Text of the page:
Duterte economic policy praised

The World Bank has boosted its 2017 growth projection for the Philippines to 6.7 per cent from 6.6 per cent due to booming exports driven by the global economic recovery.
The move reflects stronger-than-expected growth of 6.9 per cent in the third quarter and a revision of growth in GDP, the value of all finished goods and services produced in the country, the second quarter to 6.7 per cent from 6.5 per cent.
President Rodrigo Duterte is embarking on a US$180-billion infrastructure programme relying on a tax reform bill that the congress approved last week.
Fitch Ratings last week upgraded the Philippines’ long-term foreign currency rating. The move provided an endorsement of the Duterte administration’s economic strategy, national treasurer Rosalia de Leon said. Fitch assigned a “stable” outlook on the Philippines, as Manila prepares for a global bond offering early next year.
“We welcome this latest favorable action from Fitch, which is a resounding testament to the country’s sustained strong economic fundamentals and favorable growth trajectory,” De Leon said.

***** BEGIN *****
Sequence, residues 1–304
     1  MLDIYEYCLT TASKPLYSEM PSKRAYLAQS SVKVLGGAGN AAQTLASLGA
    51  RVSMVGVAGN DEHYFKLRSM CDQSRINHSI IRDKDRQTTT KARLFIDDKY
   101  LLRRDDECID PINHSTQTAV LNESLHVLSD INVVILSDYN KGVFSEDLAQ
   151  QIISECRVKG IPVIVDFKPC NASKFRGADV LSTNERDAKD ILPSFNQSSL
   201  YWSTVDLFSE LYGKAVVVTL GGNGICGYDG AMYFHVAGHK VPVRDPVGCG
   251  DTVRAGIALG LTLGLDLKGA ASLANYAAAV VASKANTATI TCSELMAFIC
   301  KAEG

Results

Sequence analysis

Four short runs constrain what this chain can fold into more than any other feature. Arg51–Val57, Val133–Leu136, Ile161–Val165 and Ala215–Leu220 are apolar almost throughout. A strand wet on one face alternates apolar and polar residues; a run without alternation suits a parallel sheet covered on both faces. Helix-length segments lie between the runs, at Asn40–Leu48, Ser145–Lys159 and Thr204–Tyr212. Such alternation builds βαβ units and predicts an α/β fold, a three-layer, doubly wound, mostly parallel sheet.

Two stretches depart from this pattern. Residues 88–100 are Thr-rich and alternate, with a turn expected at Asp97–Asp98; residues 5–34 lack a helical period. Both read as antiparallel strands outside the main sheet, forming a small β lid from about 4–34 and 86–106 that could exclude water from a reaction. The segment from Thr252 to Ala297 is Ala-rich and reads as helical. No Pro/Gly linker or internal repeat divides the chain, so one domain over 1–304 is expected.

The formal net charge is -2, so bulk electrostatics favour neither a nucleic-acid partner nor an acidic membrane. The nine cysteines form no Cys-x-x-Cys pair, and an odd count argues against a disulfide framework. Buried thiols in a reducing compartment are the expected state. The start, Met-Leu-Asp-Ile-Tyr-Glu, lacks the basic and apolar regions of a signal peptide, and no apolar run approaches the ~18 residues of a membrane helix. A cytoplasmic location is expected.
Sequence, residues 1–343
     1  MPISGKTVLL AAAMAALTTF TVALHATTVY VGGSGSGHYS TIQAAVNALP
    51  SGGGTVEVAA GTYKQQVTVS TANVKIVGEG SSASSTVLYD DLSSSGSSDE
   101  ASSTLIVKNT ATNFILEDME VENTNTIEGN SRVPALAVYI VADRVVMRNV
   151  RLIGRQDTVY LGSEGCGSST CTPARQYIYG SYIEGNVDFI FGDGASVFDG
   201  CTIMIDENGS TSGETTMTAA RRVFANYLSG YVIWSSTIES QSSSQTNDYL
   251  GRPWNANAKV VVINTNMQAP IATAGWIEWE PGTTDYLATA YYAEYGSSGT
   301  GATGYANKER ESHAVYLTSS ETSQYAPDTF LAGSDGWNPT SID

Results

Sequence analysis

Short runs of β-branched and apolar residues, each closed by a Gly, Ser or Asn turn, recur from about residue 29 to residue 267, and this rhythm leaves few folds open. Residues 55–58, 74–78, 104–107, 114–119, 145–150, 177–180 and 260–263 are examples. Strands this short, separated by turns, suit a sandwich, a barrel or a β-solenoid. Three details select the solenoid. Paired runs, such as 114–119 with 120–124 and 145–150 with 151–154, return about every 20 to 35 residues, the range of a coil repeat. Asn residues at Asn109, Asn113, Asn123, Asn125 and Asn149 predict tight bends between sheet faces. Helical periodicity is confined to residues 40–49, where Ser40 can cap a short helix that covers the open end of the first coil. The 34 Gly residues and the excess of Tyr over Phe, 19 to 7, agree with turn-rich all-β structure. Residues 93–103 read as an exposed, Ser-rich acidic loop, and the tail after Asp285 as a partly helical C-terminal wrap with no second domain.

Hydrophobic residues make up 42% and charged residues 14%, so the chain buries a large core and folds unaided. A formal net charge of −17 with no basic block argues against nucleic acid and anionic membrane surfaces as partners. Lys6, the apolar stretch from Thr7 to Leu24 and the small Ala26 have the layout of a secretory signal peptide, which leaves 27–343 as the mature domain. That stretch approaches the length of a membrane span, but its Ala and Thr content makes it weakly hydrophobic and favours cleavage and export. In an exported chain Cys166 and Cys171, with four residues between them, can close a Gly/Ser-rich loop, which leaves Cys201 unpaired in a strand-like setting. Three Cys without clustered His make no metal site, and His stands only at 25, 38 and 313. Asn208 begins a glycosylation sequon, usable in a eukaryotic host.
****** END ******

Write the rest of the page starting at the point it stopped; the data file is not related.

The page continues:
“This augurs well for our next global bond offering even as the market has priced our bonds much tighter than our ratings,” she announced.
The treasury chief said the primary focus of the Duterte’s economic strategy was “on delivering results to create more jobs and improve the lives of our people”.
International observers are bullish about the archipelago’s prospects.
“Continued global economic recovery gaining steam has led to higher than expected export growth for the Philippines and an encouraging upturn for the third quarter of 2017,” said World Bank’s chief in the Philippines Birgit Hansl.
The bank said recovery in the major advanced economies and in developing countries was boosting global trade.
Last week, the Manila-based Asian Development Bank also raised its 2017 and 2018 economic growth forecasts based on strong household consumption, manageable inflation and infrastructural investment.
The ADB said it expected the Philippines to record 6.7-per-cent GDP growth from 6.5 per cent.
The 2018 GDP forecast rose to 6.8 per cent from 6.7 per cent.
Demand for the Philippines goods has increased from its major trading partners, including the US, Japan and Europe.
World Bank growth projections for next year remain at 6.7 per cent.
Hansl said: “If investment growth accelerates faster along with increased spending in public infrastructure, economic expansion can be even higher in 2017 and 2018 and exceed the current projection of 6.7 per cent.”
Manila’s increasingly busy port. Picture credit: Wikimedia